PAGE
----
The powerful arguments against Brexit have not been contradicted by the result of the General Election. Those hostile to Brexit have every right to maintain and even intensify their opposition to the damaging project as it unfolds over the coming months; and to argue that this catastrophic step should be reversed as rapidly as possible. If this Rejoiner Coalition is to be effective, it will however need to take a different form than it did between 2016 and 2019, being much less dependent on party politicians. The proliferation of pro-European groups and activities that have sprung up since 2016 suggests that there is genuine scope for the emergence of a pro-EU grassroots network that will act to exert public pressure on existing political parties rather than to be rule-takers from these parties. It will be many months before the disarray of the losing parties in the last General Election gives way to a more stable political environment. There will be an opportunity for various Rejoiner groups to consolidate their role as independent actors in the Brexit debate, a role that they were too willing over the past three years to sub-contract to their ultimately ineffectual political leaders.

The Rejoin Coalition’s task

If a new Rejoin Coalition emerging from the grassroots wishes to make its voice heard politically, its obvious initial role will be to act as a stringent and persuasive critic of the progress of the Brexit negotiations. It should have much scope to do so, as the most recent remarks of Sajid Javid vividly  illustrate (“Forget staying close to EU after Brexit, chancellor tells business”, Financial Times with paywall). Javid has now recognised that the economic impact of Brexit will create losers and winners, a far cry from the dishonest millenarian rhetoric initially favoured by Brexit supporters. Javid even criticised those British manufacturing sectors who had not in the past three years made changes to reflect and ward off the possible disadvantages for their industry of Brexit. This criticism sits oddly, even hypocritically in the mouth of a leading minister in a government that has spent the past three years telling British manufacturing industry that the damage and dangers of Brexit are minimal or non-existent. As the real and unpleasant choices of Brexit become clearer, such glimpses of the damagingly obvious and the obviously damaging will become more and more frequent. Public opinion and opinion in the mass media can change very rapidly. The sense of Brexit as a failing project is one that Rejoiners should lose no opportunity to disseminate throughout 2020.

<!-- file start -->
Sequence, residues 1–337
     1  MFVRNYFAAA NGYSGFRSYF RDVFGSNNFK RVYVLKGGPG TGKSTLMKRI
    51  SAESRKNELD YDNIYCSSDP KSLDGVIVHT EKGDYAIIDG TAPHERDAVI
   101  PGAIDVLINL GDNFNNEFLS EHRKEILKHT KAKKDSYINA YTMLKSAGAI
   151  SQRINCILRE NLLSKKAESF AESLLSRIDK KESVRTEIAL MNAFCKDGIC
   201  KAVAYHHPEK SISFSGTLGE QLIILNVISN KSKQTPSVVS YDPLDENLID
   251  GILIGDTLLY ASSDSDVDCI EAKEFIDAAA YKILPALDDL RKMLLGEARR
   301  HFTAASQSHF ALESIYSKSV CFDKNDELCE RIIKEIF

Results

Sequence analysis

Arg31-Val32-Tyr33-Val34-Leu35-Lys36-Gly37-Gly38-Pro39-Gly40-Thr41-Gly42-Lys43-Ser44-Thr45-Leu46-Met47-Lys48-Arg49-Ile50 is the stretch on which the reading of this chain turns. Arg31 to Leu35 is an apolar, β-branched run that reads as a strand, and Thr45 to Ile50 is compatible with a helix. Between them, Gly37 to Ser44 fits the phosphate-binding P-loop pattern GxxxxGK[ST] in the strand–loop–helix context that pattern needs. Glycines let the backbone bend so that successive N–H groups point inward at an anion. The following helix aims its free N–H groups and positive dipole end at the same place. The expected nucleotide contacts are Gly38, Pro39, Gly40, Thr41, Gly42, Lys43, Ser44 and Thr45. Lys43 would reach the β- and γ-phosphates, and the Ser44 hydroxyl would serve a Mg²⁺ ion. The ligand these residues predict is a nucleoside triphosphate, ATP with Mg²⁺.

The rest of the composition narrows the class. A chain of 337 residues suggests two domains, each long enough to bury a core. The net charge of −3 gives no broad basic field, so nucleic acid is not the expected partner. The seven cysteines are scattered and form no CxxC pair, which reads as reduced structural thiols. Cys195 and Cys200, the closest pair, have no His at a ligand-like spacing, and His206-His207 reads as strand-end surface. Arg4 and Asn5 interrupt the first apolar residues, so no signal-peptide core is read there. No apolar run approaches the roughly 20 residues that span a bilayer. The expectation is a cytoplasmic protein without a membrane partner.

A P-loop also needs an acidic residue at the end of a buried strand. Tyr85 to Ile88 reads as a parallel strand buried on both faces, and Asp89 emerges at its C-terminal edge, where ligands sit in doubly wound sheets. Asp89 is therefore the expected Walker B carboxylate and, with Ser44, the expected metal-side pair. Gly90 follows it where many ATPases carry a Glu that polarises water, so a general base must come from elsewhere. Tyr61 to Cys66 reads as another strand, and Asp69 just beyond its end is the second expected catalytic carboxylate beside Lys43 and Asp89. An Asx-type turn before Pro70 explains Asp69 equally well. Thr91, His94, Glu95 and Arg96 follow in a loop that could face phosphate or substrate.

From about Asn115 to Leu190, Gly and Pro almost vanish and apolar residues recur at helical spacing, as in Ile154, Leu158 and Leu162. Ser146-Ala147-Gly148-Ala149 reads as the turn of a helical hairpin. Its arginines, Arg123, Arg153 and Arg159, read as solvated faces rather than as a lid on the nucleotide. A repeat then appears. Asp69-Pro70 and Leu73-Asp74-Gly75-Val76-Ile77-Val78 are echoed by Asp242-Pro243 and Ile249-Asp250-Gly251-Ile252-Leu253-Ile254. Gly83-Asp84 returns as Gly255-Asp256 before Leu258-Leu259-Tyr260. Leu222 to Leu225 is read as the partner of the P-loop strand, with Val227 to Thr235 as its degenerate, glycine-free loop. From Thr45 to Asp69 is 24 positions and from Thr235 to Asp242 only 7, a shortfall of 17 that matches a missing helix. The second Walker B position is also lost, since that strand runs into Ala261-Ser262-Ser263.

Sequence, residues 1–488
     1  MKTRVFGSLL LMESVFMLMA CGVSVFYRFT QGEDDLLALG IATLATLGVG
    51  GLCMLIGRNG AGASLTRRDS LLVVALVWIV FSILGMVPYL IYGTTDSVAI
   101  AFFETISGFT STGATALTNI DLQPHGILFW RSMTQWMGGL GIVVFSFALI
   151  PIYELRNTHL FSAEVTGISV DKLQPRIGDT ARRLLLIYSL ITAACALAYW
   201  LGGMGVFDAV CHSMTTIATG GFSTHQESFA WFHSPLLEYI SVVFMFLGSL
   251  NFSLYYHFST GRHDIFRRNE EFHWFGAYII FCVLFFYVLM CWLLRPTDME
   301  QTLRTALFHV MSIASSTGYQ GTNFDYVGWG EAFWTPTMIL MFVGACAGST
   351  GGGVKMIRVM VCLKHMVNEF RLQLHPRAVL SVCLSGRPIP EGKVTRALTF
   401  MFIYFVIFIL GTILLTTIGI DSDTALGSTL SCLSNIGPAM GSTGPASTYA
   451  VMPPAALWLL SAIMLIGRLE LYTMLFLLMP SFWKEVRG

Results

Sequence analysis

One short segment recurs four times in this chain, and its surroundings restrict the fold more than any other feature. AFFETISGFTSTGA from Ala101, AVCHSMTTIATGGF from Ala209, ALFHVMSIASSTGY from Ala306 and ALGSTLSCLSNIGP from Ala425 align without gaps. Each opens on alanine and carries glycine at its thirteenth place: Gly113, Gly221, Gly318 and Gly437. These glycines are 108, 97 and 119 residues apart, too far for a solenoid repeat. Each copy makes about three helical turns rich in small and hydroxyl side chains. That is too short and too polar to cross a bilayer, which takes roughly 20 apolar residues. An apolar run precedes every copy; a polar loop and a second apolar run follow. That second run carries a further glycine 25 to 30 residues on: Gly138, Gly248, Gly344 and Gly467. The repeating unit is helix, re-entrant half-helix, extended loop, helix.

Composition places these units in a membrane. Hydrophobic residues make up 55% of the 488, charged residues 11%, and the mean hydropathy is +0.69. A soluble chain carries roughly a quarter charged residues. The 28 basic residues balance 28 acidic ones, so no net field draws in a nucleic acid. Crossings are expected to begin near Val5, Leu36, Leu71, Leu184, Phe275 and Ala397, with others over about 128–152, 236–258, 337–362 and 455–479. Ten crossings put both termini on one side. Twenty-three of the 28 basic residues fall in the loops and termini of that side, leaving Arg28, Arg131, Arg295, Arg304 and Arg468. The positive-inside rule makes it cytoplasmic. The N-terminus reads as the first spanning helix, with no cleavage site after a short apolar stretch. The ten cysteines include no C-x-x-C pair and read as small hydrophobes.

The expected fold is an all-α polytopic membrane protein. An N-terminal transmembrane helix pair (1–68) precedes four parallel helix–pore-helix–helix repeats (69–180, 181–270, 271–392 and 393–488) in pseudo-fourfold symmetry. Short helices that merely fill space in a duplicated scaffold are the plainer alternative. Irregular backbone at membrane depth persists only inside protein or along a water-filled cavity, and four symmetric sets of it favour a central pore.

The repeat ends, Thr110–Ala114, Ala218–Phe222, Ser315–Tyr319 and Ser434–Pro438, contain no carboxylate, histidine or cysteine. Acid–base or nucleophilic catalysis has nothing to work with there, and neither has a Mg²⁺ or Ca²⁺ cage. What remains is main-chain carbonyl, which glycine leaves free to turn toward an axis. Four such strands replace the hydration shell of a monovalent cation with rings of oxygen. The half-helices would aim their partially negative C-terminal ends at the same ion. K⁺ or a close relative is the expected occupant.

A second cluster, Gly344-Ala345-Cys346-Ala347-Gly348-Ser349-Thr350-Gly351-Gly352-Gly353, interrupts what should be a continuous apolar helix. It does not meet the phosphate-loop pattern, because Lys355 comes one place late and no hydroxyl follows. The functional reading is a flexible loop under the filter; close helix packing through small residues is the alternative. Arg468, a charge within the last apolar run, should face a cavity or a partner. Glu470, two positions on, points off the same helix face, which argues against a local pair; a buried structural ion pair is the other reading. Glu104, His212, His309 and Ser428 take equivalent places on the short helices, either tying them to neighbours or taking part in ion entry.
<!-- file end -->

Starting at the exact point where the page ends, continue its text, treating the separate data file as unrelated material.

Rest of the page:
To those following the Brexit negotiations closely it has become ever clearer since 2016 that the British government has a choice between an economically damaging and a politically unsustainable Brexit. The more distant the relationship between the UK and EU after Brexit, the more economic damage likely to be inflicted on the British economy. The more intimate the relationship, the more the UK will remain bound by European rules in which it has no say, thus negating the central aspiration of Brexit to “take back control.” But this intractable dilemma has not yet communicated itself to the British public. It will be the task of those favouring a rapid reintegration of the UK within the EU to ensure that the Brexit negotiations during 2020 are properly understood by British public opinion as the inevitable working out of this dilemma, with no remotely attractive solution achievable, or even conceivable. The extension of the transition period, the future of British fisheries, the future of British financial services, the  level playing field between EU and UK, the possibility of a “no deal”Brexit in January 2021, the very survival of the UK’s manufacturing base will all be issues on which the government will become vulnerable this year. On all these issues it should be increasingly easier to demonstrate that the painful choices faced or fudged by Boris Johnson’s government are the intrinsic consequences of Brexit. It will be in the clear interest of the government to divert attention from this increasingly obvious truth. It will be the task of the Rejoiner Coalition to demonstrate that it is indeed impossible to fool all the people all the time.